Staying ahead of the competition is crucial, but it can feel like an impossible task in fast-moving industries like eCommerce SaaS. How do you track your competitors when new features and updates are released almost daily?

This article will walk you through an expert-approved competitive intelligence process tailored to the eCommerce SaaS industry. You'll learn: 

  • Where to find the most valuable competitive data.
  • How to analyze it effectively.
  • How to report your findings to stakeholders.

We'll draw on insights from Mindy Regnell, an eCommerce expert with over 15 years of experience. As the Principal Market & Competitive Intelligence Manager at Postscript, an SMS marketing platform, Mindy has honed her approach to ensure she always has her finger on the pulse.

Ready to get a leg up on the competition? Let's get started!

The most valuable sources of competitive data in SaaS

In fast-moving industries like eCommerce SaaS, you can't rely solely on official marketing materials to understand your competitors. The most valuable intel often comes from other sources.

1) Changelogs and help documentation

"If I only had one resource at my disposal, I would almost always take support documentation.”
~Mindy Regnell, Principal Market & Competitive Intelligence Manager, PostScript

Help center articles, user manuals, and changelog notes are written for customers, not investors – that means you get the unvarnished truth about competitors’ capabilities and limitations.

For Mindy, changelogs represent the crème de la crème of support and help documentation. They’re particularly useful once you've learned the basics of a competitor's platform, as they let you quickly see what's new.

2) Marketing collateral

In the absence of up-to-date, accurate support documentation, marketing collateral can help you stay abreast of updates to your competitors’ platforms.

However, mentally translating all the marketing speak into hard-and-fast facts can be draining, to say the least.

3) Google alerts

Google Alerts are another valuable source of competitor and market intel. However, a word of advice: Rather than drinking from the firehose of alerts, start with just one or two keywords. Then, build up your list of alerts over time as you learn to filter out the noise.

4) iOS updates

It’s also a good idea to keep an eye on iOS updates, which are, as Mindy puts it, “a really big deal for SMS marketing.” Articles can then fill in the gaps, specifically those on SMS marketing and SMS sales, different eCommerce platforms, and other competitors.

5) Field intelligence

And what about field intelligence from colleagues, customers, and partners?

Field intel can provide unique insights, but be sure to take it with a grain of salt and validate anything that seems questionable.

"I generally assume if I hear something from a sales rep, from a customer, or from a partner at an agency, they might be wrong.”
~Mindy Regnell, Principal Market & Competitive Intelligence Manager, PostScript

It’s not that people are inherently untrustworthy; the problem is that with updates being constantly released, it’s easy for people to get their wires crossed or miss some key piece of information.

6) Win/loss interviews

Finally, who could forget the power of win/loss interviews for gathering competitive insights? If your budget allows, consider having a third party conduct them – that way, interviewees are far more likely to share what they really think, without worrying about hurting any feelings.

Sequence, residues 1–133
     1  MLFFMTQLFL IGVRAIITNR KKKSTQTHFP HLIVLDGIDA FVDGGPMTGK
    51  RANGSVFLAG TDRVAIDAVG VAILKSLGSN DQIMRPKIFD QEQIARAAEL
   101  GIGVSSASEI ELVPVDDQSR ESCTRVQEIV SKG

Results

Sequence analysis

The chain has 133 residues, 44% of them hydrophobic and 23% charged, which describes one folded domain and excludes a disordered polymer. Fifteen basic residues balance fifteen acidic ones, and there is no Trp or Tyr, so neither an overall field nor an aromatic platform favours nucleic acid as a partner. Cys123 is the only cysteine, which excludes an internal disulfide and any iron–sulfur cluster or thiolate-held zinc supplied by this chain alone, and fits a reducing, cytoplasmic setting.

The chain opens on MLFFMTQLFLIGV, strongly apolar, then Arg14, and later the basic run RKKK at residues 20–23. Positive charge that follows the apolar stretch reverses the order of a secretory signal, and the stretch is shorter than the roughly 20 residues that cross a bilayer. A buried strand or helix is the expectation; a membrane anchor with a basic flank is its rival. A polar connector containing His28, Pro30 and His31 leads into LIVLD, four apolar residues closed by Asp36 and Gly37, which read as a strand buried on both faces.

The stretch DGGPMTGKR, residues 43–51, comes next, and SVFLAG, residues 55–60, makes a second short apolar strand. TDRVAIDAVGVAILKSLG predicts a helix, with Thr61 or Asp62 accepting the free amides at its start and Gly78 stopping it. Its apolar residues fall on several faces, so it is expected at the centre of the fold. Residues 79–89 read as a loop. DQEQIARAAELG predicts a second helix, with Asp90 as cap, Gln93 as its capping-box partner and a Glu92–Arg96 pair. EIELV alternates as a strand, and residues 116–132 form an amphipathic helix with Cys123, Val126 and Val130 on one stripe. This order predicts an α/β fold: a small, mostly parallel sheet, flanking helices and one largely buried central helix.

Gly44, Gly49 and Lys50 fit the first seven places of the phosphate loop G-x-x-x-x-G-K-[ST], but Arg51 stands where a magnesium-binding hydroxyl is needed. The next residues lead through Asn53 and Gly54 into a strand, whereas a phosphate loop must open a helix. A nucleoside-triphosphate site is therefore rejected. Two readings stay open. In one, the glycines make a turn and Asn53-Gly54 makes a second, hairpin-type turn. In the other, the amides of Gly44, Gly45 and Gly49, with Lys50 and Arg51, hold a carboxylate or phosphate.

As with other forms of field intelligence, though, be sure to look at win/loss insights with a critical eye. Actions speak louder than words, and customers’ behavior doesn’t always reflect what they say.

For instance, as Mindy notes, customers may tell you security is crucial to them, but their actions might tell you it’s actually not that far up their list of priorities. At least not when making a purchasing decision.

In short, it’s best to cast a wide net for competitor intelligence, but focus on sources like support documentation that provide factual data on competitors’ capabilities – and always vet the intel you get via word of mouth.

Streamlining data collection and organization

While competitive intelligence requires some manual effort, you can optimize parts of the process.

Tools like Google Alerts automate data collection, but sifting through alerts is still manual work. The good news? You get faster at scanning and filtering over time, ignoring stock updates and honing in on what matters.

And if you come across any interesting tidbits that you don’t have time to investigate right away, why not save them to your Google Drive or project management platform for later?

Organizing the data

When it comes to organizing all the data pouring in, there’s no need to reinvent the wheel.

"I have several key resources, including ‘Start Here’-style documents, that I point people to."

These resources live in Guru, the AI-powered information aggregating tool that helps teams answer questions using all the available information from the multitude of CI tools and software you use.

By using such platforms to connect siloed data and streamline your processes, you’ll free up time to focus on the important stuff  – analysis. As the old saying goes, work smarter, not harder!

How to analyze and validate the data

With competitive data pouring in from various sources, it's crucial to have a process for digesting it all. But there's no one "right" way – the best approach is what works for you.

"At the end of the day, data analysis is a mental exercise. It's up to you to spot the patterns and tease out the possible answers, so find an analysis process that gets your own creative and problem-solving juices flowing."

Refining your thinking

For instance, you may want to start by jotting down long-form, stream-of-consciousness ideas about a competitor or trend. This helps get thoughts flowing. Later, you can boil it all down into more consumable tidbits.